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Genre - Literary Fiction
Rating - R
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By page 99, Cosette has turned her life completely upside down from when we initially meet her. At the beginning of the story Cosette places all her focus on finding a father in order to complete her tribe, and feels God has smiled down upon her by placing, Ken, a handsome Air force sergeant in her life who has completely won her over with attention and gifts.
Playing matchmaker, Cosette introduces Ken to her mother, hoping that the two will hit it off. In no time at all the two become a couple. Cosette feels her cleverness has paid off, guaranteeing her the solid happiness of a prime-time family. But her celebration is short lived when Ken makes inappropriate advances towards Cosette, pulling the shade down on her sun-shiny hopes and sending her into a pit of shame and despair.
Ken and Ma marry, making it impossible for Cosette to escape Ken’s nasty advances, keeping them a secret, thus carrying the responsibility of her mother’s happiness on her own small shoulders. The shame of the situation drives Cosette into a silent corner of introspection and guilt, unable to speak about it with even her closest confidants—her two older sisters.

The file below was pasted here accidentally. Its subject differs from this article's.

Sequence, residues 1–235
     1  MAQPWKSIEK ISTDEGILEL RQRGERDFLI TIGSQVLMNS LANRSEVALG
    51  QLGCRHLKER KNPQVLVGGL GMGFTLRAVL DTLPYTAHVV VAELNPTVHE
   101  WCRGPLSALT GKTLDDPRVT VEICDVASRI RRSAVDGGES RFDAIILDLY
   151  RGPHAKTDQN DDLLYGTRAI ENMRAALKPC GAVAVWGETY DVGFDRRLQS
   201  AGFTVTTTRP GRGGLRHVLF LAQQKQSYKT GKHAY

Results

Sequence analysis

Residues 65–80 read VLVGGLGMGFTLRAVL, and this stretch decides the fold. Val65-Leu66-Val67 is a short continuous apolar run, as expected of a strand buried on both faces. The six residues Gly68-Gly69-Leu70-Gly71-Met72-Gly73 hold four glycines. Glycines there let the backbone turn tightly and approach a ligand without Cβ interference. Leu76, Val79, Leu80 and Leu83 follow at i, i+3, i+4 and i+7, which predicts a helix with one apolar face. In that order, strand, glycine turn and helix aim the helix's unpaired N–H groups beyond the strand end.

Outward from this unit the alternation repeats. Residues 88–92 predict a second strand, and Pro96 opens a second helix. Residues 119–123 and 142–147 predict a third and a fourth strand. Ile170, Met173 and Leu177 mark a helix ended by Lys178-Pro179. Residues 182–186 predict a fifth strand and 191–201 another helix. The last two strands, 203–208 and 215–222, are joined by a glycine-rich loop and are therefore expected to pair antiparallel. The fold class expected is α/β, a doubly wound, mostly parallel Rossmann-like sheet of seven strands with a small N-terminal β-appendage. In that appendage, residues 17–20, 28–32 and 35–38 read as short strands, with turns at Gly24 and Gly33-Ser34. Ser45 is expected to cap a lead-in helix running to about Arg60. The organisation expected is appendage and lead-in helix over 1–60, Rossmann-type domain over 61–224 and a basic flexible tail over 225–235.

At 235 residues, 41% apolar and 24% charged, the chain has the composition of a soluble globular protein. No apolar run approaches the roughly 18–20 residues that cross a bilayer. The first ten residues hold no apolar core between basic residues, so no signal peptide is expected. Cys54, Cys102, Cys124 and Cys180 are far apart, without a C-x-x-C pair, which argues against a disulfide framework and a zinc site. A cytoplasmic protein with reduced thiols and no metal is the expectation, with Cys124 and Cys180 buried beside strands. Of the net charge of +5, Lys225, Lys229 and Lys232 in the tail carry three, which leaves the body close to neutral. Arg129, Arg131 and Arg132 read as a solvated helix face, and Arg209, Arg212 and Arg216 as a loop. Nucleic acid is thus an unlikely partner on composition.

On page 99 Cosette is recovering from one of Ken’s nighttime visits. She is hoping to enjoy the carnival, like any other ten-year-old, while struggling with her feelings for her stepbrother, Ken’s seven-year-old son, Tommy. She feels compassion for this little boy, understanding how Tommy is innocent of his father’s sins—offering him a sort of reluctant companionship.
Further down the page we see Cosette, rejoining her older sisters, hoping to talk them into riding some rides with her and Tommy. What takes place is a lesson in womanhood, as her oldest sister Diana uses her beauty to charm the ride handler into letting all four of them share a ride limited to three-per-car.
Cosette watches the exchange between Diana and the young man. Witnessing the manipulative power of using ones beauty, which completely disarms the vulnerable ride handler. Chuckling when she sees Diana get the best of him, Cosette is startled by this man’s toothless grin. Caught between laughter and compassion, Cosette suppresses her giggles, not wanting to hurt the man’s feelings, sensing an odd kinship with this man’s vulnerability.